The Treaty of Paris

On October 19, 1781, General Lord Charles Cornwallis surrendered 7,000 British soldiers to the Continental Army after a crushing defeat at the Battle of Yorktown. When news of Lord Cornwallis’s surrender reached Great Britain, Prime Minister Lord Frederick North, the 2nd Earl of Guilford seized “as he would have taken a ball in his breast” and exclaimed “Oh, God! It is all over!” At that moment Lord North, along with the rest of Parliament and King George III, realized that victory over the Thirteen Colonies was not inevitable. In actuality, victory required significantly more troops, more resources, and more money than Parliament could give to the effort. Instead of sending more troops across the sea to North America, British delegates were sent to France to begin forging a peace treaty with the United States. Two years later on September 3, 1783, the Treaty of Paris was signed and the Revolutionary War officially came to an end.  

France's proposed parceling of North America that was rejected by the American delegates.

Creating this peace treaty was not a quick ordeal. Since 1770, Lord North was Prime Minister of Great Britain and refused to negotiate with the British colonies in North America. Throughout his tenure, North had encouraged taxation on the colonies and their subservience to Great Britain. Once the first shots of rebellion were fired at the Battle of Lexington and Concord, Lord North issued military intervention to squash the “rebellion.” He refused to respond to the Olive Branch Petition, which was written by the First Continental Congress to broker peace between the two nations before an all-out war, and stubbornly believed in Great Britain’s victory. His steadfastness to this goal was his downfall. With the news of Lord Cornwallis’s surrender, North’s belief in Britain’s victory was shattered. To save face, he attempted to negotiate with the Thirteen Colonies with the Conciliation Plan, a plan that voided the Intolerable Acts if the Colonies resubmitted to Britain’s rule. However, these concessions came too late and the Thirteen Colonies wanted independence from Great Britain, not leniency. The Conciliation Plan was rejected. After this rejection, Parliament turned against Lord North and instigated a motion of “no confidence.” This motion led to Lord North’s resignation on March 20, 1782.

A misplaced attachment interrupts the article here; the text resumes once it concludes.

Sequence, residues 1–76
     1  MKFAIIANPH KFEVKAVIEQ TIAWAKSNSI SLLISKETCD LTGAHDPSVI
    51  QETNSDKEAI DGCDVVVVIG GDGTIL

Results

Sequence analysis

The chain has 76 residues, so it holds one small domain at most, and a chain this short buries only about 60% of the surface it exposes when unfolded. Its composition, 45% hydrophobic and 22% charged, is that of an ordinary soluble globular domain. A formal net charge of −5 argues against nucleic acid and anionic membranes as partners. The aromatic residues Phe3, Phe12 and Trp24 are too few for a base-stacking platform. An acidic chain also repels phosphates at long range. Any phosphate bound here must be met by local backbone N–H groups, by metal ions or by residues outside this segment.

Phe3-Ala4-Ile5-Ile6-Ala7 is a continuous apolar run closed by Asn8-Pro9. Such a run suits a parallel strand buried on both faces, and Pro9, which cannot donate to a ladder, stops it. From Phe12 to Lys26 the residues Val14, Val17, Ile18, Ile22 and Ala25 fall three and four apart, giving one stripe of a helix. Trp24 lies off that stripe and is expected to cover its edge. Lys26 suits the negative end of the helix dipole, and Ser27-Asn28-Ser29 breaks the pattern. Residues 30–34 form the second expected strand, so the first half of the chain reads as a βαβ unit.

As Lord North was attempting to pass his Conciliation Plan, the United States was working with French diplomats to secure a peace treaty. France originally proposed that the peace treaty parcel North America between the fighting powers. They recommended that the continent be split so that the United States could gain the land east of the Appalachian Mountains, England could keep land north of the Ohio River, and Spain could maintain leadership of the South. West of the Appalachian Mountains was reserved for Native Americans and served as a buffer between the different nations in the New World. The American delegates were unhappy with this deal because it limited the United States’ ability to expand westward in the future. As this treaty was discussed, Lord North left office and the next Prime Minister was elected. The new Prime Minister Charles Watson-Wentworth, 2nd Marquess of Rockingham looked more favorably on accepting the United States’ Independence and negotiating with the former colonies than Lord North was. Hoping to find a more favorable treaty with this new British leadership, American delegates began working directly with Great Britain instead of with France. Unfortunately, Watson-Wentworth died fourteen weeks after his instatement. However, the subsequent Prime Minister William Petty, 1st Marquess of Lansdowne, known as Lord Shelburne, was also amicable to a British and American peace and continued the peace talks between the two countries.